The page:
My first real image from the Pen-F: Amulree and Strathbraan Parish Church at the end of Glen Quaich.

The Olympus images all have the same white-balance; I set the ORF and NEF files to the same whitebalance as the Pen-F chose automatically. It’s interesting that the sky is a proper shade of blue in the converted RAW; this might be a difference of profile between RawTherapee and the camera’s own internal JPEG engine. (Fine by me – I much prefer solid blue skies to cyan ones.)

What about the details?

Now this is a hard question. No doubt the resolution suffers and 80MPel is rather optimistic. Here we compare the NEX-7 against the 20MPel and 80MPel RAW files with no sharpening or detail controls enabled at all:

Obviously the 80MPel image is going to take a lot ofsharpening to bring it up to scratch.

My preferred sharpening algorithm with the NEX-7 has long been deconvolution. However, despite tweaking the radius, strength, dampening and iterations controls a lot, RawTherapee doesn’t seem to have the strength to sharpen the 80MPel hi-res RAW.

The out-of-camera JPEG appears to have a cruder sharpening algorithm with a lot of local contrast, so I switched to unsharp mask. At 80MPel, with enough USM to render the individual stones in the dry stone wall adequately sharp, this reveals serious anti-aliassing issues around straight-line edges:

Pen-F edge-aliassing artifacts

Pen-F edge-aliassing artifacts

These artefacts disappear when downsized to 50MPel in camera. Then again, the in-camera JPEG conversion is very contrasty and over-sharpened, so there’s room for improvement all-round:

In-camera JPEG conversion (20MPel) vs RawTherapee downscaled from 80MPel RAW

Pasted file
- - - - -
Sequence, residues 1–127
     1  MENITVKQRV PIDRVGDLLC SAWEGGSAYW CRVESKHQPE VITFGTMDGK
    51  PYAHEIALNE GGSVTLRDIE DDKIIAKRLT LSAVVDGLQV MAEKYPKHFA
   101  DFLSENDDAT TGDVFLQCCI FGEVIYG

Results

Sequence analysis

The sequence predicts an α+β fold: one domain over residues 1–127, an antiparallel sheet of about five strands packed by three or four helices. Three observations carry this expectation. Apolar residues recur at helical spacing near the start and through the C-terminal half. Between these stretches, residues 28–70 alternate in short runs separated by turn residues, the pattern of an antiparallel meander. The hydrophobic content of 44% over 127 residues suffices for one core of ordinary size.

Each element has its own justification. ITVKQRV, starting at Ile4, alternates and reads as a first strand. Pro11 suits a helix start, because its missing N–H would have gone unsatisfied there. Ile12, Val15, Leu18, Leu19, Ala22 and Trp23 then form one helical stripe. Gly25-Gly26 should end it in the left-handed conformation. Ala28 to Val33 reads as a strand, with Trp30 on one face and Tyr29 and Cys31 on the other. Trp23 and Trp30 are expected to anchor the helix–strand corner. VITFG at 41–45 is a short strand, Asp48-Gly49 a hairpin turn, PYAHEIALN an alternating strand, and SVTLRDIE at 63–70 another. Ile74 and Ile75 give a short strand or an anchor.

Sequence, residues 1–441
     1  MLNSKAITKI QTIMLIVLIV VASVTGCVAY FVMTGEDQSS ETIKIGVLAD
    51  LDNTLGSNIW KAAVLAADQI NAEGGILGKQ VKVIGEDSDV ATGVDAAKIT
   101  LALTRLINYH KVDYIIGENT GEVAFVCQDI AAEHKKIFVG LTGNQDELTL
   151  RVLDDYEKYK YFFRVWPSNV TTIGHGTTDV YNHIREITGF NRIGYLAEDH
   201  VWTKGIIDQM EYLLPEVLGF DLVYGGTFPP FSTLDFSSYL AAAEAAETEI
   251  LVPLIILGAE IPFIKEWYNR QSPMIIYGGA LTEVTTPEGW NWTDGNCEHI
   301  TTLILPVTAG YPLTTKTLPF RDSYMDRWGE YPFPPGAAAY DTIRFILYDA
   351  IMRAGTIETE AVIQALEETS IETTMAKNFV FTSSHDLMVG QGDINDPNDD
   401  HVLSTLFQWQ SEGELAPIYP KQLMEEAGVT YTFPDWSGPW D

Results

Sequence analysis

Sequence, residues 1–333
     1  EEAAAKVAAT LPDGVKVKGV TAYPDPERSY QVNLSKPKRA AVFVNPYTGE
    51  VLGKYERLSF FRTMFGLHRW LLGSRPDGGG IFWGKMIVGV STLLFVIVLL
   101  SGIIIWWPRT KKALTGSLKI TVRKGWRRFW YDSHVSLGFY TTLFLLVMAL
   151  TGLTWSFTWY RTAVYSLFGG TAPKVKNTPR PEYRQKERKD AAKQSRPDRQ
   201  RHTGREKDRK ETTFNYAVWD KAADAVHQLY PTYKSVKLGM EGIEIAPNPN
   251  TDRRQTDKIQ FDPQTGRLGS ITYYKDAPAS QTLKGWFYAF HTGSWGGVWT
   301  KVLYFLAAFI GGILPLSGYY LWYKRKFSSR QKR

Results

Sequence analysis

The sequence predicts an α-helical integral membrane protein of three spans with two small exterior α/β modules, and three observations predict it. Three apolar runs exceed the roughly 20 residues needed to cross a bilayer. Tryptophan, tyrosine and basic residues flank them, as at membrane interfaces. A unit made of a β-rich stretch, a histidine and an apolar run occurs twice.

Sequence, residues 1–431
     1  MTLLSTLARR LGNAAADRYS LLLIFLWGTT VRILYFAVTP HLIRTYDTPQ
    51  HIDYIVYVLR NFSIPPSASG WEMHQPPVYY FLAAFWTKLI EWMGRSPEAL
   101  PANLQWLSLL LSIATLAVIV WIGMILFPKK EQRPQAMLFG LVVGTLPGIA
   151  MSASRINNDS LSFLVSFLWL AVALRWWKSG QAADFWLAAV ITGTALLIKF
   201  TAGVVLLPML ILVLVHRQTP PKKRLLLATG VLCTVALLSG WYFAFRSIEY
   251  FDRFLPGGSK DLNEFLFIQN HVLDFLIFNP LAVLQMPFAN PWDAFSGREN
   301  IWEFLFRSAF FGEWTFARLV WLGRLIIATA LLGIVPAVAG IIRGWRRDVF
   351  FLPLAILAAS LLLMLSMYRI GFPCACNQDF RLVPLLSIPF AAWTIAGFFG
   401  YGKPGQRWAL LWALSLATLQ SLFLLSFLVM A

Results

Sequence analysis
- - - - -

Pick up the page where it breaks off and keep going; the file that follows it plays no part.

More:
In-camera JPEG conversion (20MPel) vs RawTherapee downscaled from 80MPel RAW

Update: by adjusting the USM parameters, I’ve removed much of the artifacts around edges. There are still problems where blades of grass have moved between source frames, but static objects with strong outlines no longer cause such problems.

disable edge-only and halo-detection, just use less USM to start with

disable edge-only and halo-detection, just use less USM to start with

There are other demosaicing algorithms in RawTherapee and other ways of sharpening (newly added wavelet support). Plenty of scope for experimenting to get the best out of this thing.

What’s the verdict?

I absolutely love using it. Where other cameras drive the megapixel race by giving increasingly large images for everything (40MPel+), this camera ticks along at a more than adequate native 20 megapixels for most purposes with the option of taking one’s time to crank out the tripod to make absolutely huge images. This suits me fine – I’ve spent so long doing similar image-stacking/super-resolution trickery as part of the post-processing workflow, it’s great to have the camera do it instead.

The in-body stabilization is excellent. I managed to hand-hold 10 frames at 1/10s at the Falls of Dochart, twice, without a single blurry image.

There are lots of other features to look forward to – I’ve never had the patience to try focus-stacking, but moving it in-camera is very appealing.

With a subtle adjustment to the brighter blues to cater for skies, I could probably live off the camera’s own JPEGs for many purposes.

New lenses and filter adapter rings have been ordered…

Gratuitous sample images

As if the above weren’t nice enough, here are three more images from this afternoon.